While internet-based elections have been discussed in recent years, there has not been any major innovation in this field so far. The main concern is security and the fear of voter fraud.
Blockchain-based applications could improve the security of an internet-based voting system, ranging from voter registration to vote counting. It could also add more transparency to the process and significantly reduce costs.
Aside from voting systems, blockchain could also help reduce government bureaucracy and corruption in government agencies. Smart contracts could ensure that welfare or unemployment payments are only released when certain conditions are met.
There are companies working on this. The Delaware Blockchain Initiative aims at increasing efficiency and speed of incorporation services via blockchain technology. BitFury is working with the Georgian government to secure and track government records.
5. Legal Industry: There are too many lawyers anyway!
Verifying and storing legal documents is a key function of the legal industry. Especially wills and inheritances provide an ideal use case for smart contracts.
The Swiss startup PassOn is creating a blockchain-based infrastructure that allows users to transfer digital assets to relatives after they have passed away. The rules for the transfer and verification procedures are encoded in a smart contract.
US-based Blockchain Technologies Corp. is developing a blockchain-based will system that can check the government’s database after a user has passed away, to verify that this person did really pass. Once verified, the assets of this person will be distributed based on a smart contract. As a result, the need for court cases and executors will be reduced.
6. Charities: Trust is the main asset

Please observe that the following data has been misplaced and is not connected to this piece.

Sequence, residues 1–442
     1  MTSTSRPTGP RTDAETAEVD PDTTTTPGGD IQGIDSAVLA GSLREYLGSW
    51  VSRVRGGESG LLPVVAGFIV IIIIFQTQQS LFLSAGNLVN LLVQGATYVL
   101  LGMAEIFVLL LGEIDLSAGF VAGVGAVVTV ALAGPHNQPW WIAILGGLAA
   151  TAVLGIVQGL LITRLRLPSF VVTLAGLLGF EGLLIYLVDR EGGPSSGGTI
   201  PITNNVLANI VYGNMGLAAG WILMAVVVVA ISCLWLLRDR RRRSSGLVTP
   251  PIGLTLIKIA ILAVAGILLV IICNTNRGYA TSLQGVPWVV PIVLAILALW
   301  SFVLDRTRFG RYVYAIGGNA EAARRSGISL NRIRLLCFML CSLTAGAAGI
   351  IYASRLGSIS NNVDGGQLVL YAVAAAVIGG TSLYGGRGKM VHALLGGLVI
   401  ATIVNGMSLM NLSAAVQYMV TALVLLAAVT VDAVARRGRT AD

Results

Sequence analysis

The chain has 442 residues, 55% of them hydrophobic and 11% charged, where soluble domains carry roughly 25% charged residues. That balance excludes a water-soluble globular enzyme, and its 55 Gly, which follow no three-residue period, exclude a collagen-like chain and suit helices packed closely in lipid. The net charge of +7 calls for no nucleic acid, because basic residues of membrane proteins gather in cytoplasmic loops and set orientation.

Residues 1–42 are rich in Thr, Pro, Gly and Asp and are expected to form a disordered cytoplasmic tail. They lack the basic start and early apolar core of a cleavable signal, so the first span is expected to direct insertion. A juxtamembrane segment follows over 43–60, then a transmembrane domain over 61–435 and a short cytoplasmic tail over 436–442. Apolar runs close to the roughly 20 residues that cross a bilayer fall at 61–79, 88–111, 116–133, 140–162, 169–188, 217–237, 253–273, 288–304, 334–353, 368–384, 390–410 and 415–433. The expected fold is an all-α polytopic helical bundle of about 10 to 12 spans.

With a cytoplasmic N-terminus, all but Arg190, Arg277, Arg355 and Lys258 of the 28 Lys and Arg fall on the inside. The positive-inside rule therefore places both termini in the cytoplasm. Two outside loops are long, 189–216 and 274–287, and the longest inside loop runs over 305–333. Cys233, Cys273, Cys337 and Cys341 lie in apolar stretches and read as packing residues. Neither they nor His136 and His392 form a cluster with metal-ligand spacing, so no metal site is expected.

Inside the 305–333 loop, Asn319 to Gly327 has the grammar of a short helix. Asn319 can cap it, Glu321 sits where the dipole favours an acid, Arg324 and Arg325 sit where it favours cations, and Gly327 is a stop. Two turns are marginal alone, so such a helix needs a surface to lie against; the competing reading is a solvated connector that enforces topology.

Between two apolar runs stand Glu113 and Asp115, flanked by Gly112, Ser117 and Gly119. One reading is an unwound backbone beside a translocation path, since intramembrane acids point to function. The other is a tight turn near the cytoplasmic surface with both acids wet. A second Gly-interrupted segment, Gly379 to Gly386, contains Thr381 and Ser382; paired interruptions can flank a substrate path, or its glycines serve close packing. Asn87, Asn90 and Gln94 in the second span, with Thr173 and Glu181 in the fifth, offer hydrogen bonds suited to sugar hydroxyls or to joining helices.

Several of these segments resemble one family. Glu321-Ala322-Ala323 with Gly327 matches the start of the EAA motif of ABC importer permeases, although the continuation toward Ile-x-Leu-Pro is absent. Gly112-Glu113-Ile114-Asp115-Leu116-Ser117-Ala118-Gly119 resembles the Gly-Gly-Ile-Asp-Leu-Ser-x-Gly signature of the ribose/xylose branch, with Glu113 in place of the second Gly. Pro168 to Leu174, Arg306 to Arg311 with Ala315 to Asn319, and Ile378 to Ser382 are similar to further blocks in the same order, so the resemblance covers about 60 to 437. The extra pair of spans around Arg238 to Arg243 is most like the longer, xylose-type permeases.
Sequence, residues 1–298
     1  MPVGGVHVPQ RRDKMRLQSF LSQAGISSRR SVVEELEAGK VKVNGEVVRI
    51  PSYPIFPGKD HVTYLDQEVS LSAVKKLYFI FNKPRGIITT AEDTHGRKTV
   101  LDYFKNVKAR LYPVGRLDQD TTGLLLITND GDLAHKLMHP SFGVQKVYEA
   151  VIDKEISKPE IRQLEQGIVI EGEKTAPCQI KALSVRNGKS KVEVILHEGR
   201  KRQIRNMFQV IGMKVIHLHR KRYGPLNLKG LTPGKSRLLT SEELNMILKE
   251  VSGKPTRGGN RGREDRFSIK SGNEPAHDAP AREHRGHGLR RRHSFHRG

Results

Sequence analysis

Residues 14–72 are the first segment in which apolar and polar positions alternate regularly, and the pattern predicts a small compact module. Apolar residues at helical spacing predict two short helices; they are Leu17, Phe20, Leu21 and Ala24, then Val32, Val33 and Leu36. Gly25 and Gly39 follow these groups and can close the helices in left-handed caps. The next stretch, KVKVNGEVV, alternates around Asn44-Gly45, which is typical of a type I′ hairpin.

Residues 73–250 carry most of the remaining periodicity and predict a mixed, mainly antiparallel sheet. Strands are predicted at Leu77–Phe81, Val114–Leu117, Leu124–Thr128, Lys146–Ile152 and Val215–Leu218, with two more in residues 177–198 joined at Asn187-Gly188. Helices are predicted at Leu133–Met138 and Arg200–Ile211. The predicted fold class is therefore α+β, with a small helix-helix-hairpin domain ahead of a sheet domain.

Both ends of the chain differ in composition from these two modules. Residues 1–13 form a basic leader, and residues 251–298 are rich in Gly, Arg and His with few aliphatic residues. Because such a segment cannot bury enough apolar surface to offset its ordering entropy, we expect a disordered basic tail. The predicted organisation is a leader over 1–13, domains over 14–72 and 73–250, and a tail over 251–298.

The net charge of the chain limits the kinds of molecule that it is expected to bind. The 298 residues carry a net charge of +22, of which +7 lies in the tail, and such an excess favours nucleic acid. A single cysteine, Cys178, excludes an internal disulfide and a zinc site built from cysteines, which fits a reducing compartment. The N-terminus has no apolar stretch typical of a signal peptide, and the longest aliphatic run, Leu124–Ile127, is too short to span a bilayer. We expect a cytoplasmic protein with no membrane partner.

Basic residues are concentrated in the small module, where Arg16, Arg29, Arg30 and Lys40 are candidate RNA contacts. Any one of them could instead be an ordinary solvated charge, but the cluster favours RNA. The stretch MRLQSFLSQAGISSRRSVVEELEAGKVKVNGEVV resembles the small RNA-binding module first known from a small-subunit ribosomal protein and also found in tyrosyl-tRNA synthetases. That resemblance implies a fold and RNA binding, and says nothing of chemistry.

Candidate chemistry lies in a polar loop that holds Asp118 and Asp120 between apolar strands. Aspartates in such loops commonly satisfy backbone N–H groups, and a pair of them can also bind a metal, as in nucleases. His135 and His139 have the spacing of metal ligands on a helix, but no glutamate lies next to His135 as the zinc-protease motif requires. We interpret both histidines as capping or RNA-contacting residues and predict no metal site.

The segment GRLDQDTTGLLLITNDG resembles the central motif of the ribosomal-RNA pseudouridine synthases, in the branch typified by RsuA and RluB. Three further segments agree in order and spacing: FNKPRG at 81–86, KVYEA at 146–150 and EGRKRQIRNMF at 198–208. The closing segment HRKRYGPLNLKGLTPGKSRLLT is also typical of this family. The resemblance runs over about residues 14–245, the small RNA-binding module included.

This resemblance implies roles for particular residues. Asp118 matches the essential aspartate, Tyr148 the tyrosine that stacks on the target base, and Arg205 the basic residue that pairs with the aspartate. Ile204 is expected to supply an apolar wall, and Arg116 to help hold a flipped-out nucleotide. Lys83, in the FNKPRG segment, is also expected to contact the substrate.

Donors give their money to charities based on trust. Smart contracts and an internet-based donation management system could ensure that donations will reach people in need.
The U.N. World Food Programme is implementing a blockchain-based system, which enables refugees in refugee camps to receive food via an iris scan. This erases the need for cash or food stamps which can be stolen or misused.
7. Healthcare: All medical records could be stored in one digital ledger
We all have that big – or hopefully not that big – paper-based folder at home storing all medical documents which we have received over the course of our lives. Imagine you wouldn’t need that folder anymore but instead could store all your health records in one single digital ledger that travels with you from birth to death.
Whenever you go to see a doctor he/she could immediately access your entire medical history. This could lead to more accurate diagnosis, more effective treatments and more cost-effective healthcare solutions.
That’s why Philips Healthcare has recently started the Philips Blockchain Lab, moving forward blockchain-based healthcare applications.
8. Corporate applications: From HR to Accounting
Businesses can streamline corporate processes with blockchain technology in many ways.
Human resource departments can conduct background checks more easily, verifying employment histories and criminal records. Chrononbank is a blockchain-based application that focuses on improving corporate recruiting for on-demand jobs. Individuals can find work via the app and will be rewarded for their labor via a cryptocurrency.
Smart contracts can also create more transparent business accounting, as payments could be verified and executed automatically.
The Boardroom app is another great example, it enables users to organize decentralized shareholder voting.
Blockchain technology is still very early in its growth cycle. It has, however, long passed the point of being a dreamy idea for the financial industry. The examples above show that the technology can be used in a wide variety of industries.
In future, the implementation of blockchain technology will only increase. Businesses, governments and non-profit organizations will have to adapt.
As always, there will be forces trying to prevent innovation and protect the status quo. People will lose their jobs; business models will become obsolete.
But eventually, blockchain technology will become a tool that we use every day, just like the light bulb.